Alicia Pet Clinic Weblog


Holiday Health Hazards For Pets

I was recently asked to write a holiday hazards article for the local paper so I figured I would put it here…

 

1.  Candles: A curious pup or kitty could mess things up in a spectacular way by accidentally tipping candles over and causing a fire.  Keep your flames out of reach so that your pet is not hurt and so that you are not one of the over 2000 people in America who are injured or killed this holiday season in a house fire.
2. Electrical cords: Biting on an electrical cord provides more than a spring in your step.  Puppies are the worst offenders with this one, and electrical cord injuries can cause life threatening lung damage by electrocution.
3. Foreign foods: We’re not talking about Chinese or Mexican food; we mean foreign to your pet.  This could include a bit too much of the traditional turkey or ham which can cause pancreatitis (a cause of severe gastroenteritis symptoms) or severe diarrhea. Even deciding to go with something more oriented to your pet like a pig ear for your pup, or a special can of cat food for kitty might cause some significant stomach problems since they represent a rapid diet change. Remember: “everything in moderation.”
4. Ribbon, twine, tinsel:  Long, thin, shiny things are so tempting to pets, but cats are the most common offenders here.  Every year, thousands of cats get an expensive present called abdominal surgery and it puts a big damper on things.
5. Toys: Action figures or Legos for the kids can be swallowed by curious dogs or cats, and if the toys are the right size, they can end up with an intestinal obstruction.  Same goes with the insides of stuffed animals, pieces of the new ball or Frisbee, and the remnants of the rope toy that the dogs destroyed.  Try to be smart and keep the small things out of reach of those doggy and kitty mouths.
6. Chocolate:  We have all heard about the threat of chocolate toxicity for dogs (cats are too smart for this one!), but every year thousands of dogs get poisoned by the sweet stuff during the holiday season.  Remember that chocolate tastes good to almost every species on earth, but dogs can’t break down one of the ingredients.  It can either make them feel like they have had too many cappuccinos or it can cause seizures and heart arrhythmias.  Keep the goodies out of reach or you might have a very hyper but sick pup on your hands.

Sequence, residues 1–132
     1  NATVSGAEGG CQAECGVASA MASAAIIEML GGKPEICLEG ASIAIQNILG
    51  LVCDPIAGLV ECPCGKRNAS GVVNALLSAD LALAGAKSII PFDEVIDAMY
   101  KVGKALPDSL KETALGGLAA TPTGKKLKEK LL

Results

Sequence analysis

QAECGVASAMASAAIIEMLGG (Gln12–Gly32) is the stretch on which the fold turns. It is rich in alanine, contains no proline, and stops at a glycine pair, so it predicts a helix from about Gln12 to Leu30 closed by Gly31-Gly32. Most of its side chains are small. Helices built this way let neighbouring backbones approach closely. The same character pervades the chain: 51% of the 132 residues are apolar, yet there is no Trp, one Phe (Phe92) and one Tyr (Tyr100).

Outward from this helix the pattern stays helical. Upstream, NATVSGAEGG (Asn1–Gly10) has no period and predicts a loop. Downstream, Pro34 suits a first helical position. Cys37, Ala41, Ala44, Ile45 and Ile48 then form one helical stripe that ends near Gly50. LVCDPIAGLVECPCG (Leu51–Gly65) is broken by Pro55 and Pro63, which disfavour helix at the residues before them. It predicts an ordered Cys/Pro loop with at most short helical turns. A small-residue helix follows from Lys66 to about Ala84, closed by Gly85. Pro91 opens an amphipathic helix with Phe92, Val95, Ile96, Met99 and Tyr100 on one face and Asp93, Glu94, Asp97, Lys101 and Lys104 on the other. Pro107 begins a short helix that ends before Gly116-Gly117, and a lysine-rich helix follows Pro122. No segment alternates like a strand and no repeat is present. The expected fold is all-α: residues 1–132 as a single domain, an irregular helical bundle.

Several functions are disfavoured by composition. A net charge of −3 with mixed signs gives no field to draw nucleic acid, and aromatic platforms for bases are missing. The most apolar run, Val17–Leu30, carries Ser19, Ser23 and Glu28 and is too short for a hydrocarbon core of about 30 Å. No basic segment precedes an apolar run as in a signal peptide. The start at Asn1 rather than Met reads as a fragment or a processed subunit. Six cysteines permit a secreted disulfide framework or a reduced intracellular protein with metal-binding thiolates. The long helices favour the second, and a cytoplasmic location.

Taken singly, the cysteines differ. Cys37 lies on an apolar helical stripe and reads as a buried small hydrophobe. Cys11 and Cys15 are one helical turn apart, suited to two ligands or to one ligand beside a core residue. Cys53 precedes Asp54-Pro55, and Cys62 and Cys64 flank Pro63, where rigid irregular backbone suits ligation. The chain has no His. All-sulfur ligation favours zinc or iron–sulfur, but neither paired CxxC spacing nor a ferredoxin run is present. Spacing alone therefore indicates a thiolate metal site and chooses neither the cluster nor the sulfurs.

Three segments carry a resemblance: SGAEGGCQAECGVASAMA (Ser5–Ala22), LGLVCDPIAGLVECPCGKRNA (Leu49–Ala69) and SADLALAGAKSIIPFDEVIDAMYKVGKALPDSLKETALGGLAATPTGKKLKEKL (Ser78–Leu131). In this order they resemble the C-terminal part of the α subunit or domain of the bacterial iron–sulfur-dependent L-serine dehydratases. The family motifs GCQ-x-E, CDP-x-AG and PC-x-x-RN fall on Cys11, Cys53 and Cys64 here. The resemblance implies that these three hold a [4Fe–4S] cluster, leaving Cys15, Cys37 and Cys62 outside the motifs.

7. Bones:  Dog bones are a common holiday present for Fido but they are not as safe as you might think.  If you give a raw bone, make sure that it is the appropriate size for your pup, and if it is something completely new, you might deal with some serious stomach upset.  If it is a cooked bone, they can splinter or break into pieces that are just the right size to block things up.  Be smart about your holiday treats for your dog.
8.  Holiday plants: Holly and mistletoe are extremely toxic if ingested.  Lilies carry a high mortality rate for those that ingest even a small amount.  Interestingly, the poinsettia has a reputation for being very toxic but offers only the possibility of mild upset stomach symptoms.  Bottom line: keep the plants out of reach, especially for cats as their curiosity is notorious.
9. Stress and visitors:  Family and friends coming to your house is exciting for some, but many pets are really stressed out about all of the excitement.  If they don’t escape due to your Aunt Marge not closing the door, they might be so stressed that it could give them diarrhea.  If cats are involved, stress has been known to cause upper respiratory infections and urinary problems.  Try to provide a safe zone for your nervous pet to find peace.
10.  Poor budgeting:  Every year we feel compelled to buy lots of stuff as gifts for the holidays and sometimes we go a little too far.  If you have any of the above things happen, it might cost money to help your pet get care.  Sadly, every year people have to make very hard choices around the holidays due to a very sick pet and financial difficulties.  Try to keep a bit of money set aside to take care of Fluffy in case of an emergency.
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